Brad nailers are very similar to pin nailers, and are also used in delicate wood finishing jobs.
Choosing between a pin nailer and a brad nailer can be tricky.
The difference is that a pin nailer is only compatible with 23 gauge but a brad nailer is compatible with larger nails, up to 18” gauge.
An 18 gauge needle is also pretty small compared to the other nails, but it is relatively large when compared to a pin nailer.
In addition, a brad nailer provides more holding power.
Brad nailers can be used for:
- Crown molding
- Trim work
If you need something a little more robust than a pin nailer but you’re still working on a delicate project, we recommend going for a brad nailer.
Just like Pin and Brad nailers, Finish nailers are also used for finishing projects such as crown moldings, panelling and baseboards.
Pin and brad nailers are small in size and can only handle small projects, whilst a finish nailer is one step up in power and strength from a brad nailer and can handle bulkier projects.
Finish nailers are compatible with 15-16 gauge nails which are slightly larger than brad nailers.
Last in the category, a staple gun is different from the nailers we have so far discussed as it shoots staples, not nails.
This is a highly versatile tool and can be used for:
- Upholstery (eg attaching fabrics to sofas or chairs)
As staples are less sturdy than nails, a staple gun is most often used with textiles instead of wood.
Now that you know about the 9 basic types of nail guns, let’s get into the second category:
Nail Gun Mechanisms
Ok! Now that we’ve gone through the variety of functions that different nail guns serve, let’s take a closer look at how these nail guns actually operate.
Cordless Nail Gun
A cordless nailer is battery powered and is suitable for a wide range of general applications, making them great to have at home to use on any DIY job.
Cordless nail guns are available in framing, flooring and roofing styles.
Cordless nail guns are one of the most popular because of the ease of portability – you can carry them wherever they’re required without needing to find a socket to plug them into.
Their battery also typically lasts a long time, so you don’t have to worry about constantly recharging them.
Similar to electric nail guns (which we’ll get to a bit further down this article), cordless nail guns are light weight, affordable and perfect for beginners or hobbyist woodworkers.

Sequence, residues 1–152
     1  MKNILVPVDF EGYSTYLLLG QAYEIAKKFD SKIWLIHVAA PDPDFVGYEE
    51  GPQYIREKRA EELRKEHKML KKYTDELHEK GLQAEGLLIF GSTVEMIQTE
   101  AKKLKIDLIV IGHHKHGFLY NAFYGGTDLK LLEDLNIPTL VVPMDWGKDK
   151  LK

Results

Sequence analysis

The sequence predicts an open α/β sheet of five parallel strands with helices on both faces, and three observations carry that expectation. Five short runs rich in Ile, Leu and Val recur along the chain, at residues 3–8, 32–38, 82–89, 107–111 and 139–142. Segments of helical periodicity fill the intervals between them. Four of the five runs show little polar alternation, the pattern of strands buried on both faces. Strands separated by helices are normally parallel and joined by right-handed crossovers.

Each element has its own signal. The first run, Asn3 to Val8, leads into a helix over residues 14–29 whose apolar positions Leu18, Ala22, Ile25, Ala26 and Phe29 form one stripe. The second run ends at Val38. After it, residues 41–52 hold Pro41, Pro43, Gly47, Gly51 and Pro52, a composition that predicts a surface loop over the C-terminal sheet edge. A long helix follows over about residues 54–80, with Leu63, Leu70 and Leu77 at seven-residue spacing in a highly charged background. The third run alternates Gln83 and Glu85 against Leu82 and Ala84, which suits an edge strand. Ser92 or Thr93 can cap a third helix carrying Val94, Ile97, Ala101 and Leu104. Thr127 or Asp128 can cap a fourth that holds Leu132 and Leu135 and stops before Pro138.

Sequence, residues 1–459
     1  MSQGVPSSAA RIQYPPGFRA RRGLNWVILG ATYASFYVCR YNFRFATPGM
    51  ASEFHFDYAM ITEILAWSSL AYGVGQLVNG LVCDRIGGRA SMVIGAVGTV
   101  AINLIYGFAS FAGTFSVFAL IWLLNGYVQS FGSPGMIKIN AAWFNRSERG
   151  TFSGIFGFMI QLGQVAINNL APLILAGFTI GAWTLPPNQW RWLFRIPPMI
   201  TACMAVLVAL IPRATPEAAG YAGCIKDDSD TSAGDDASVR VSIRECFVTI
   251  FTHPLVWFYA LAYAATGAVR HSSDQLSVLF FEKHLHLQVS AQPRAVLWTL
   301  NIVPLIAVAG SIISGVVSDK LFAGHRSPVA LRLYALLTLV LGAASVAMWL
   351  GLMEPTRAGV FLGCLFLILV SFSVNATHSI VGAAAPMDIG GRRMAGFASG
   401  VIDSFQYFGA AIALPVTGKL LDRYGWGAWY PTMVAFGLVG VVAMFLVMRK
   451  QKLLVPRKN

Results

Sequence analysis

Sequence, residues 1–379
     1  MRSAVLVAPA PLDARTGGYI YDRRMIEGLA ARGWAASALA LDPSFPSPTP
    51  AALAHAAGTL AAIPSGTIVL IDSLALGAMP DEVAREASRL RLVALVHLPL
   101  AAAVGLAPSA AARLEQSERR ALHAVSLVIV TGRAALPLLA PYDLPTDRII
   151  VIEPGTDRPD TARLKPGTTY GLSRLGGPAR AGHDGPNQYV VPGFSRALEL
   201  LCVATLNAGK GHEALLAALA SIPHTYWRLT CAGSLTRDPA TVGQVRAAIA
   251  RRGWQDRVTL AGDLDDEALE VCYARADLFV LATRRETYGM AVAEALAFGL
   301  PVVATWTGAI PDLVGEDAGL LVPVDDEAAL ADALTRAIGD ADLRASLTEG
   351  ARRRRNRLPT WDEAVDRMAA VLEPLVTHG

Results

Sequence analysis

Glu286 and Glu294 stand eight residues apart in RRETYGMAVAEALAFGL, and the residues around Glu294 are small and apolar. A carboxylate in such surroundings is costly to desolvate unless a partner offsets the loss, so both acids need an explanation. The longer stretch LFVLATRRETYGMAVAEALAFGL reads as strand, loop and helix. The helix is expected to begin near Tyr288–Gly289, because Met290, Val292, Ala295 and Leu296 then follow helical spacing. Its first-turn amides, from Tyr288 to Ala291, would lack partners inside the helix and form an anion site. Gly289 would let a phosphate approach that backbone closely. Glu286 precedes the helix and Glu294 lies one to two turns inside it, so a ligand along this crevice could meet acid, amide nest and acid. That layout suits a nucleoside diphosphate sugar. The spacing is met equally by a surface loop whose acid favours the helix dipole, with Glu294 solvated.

Pneumatic Nail Gun
Pneumatic nail guns (also known as air nail guns) fire nails through an internal air compressor mechanism that draws air into a piston cylinder and then releases the pressure behind the nail to accelerate it.
If you are working on a heavy duty job where thick nails are required, a pneumatic nail gun is a great tool to have.
Quite often, pneumatic nail guns are lighter to carry than cordless ones, and are typically more affordable.
However, they require an air hose to operate which can limit their portability around the work site.
These nailers can fire up to 60 nails per minute, making them great for large projects.
Electric Nail Gun
Electric nail guns work similarly to cordless nail guns with the exception that they need to be plugged in to work, instead of running off battery power.
Unlike pneumatic nail guns, these don’t require an additional air compressor which makes them light weight, and they don’t make as much noise when the nails are fired.
The only limitation is the cord, which means they can only be used close to a power socket and are not easy to carry around a work site.
Apart from that, this nail gun type is simple, easy to use, and affordable, making it perfect for beginners and general woodworking projects.
Coil Nail Gun
Coil nailers have a compartment where you can load coils of up to 300 nails (depending on the gauge), which is substantially more than the other nail guns listed above, which typically hold up to 60 nails only.
This makes coil nailers great for high volume projects such as roofing or flooring, where you don’t want to have to stop and reload your nail gun every few minutes.
Nail Gun Types – Conclusion
As you can see, there are a lot of different types of nail guns out there on the market, all with their own features, application and benefits.
We hope that this article has helped clear up any confusion you may have had about which nail gun is right for your project.
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About The Author: Hi There! I’m Dave. I’m a certified millworker and carpenter, and have been working in the industry for over 10 years. I created this website to pass on my knowledge so that other enthusiasts, no matter what their skill level, can enjoy the craft as much as I do. I hope you enjoy!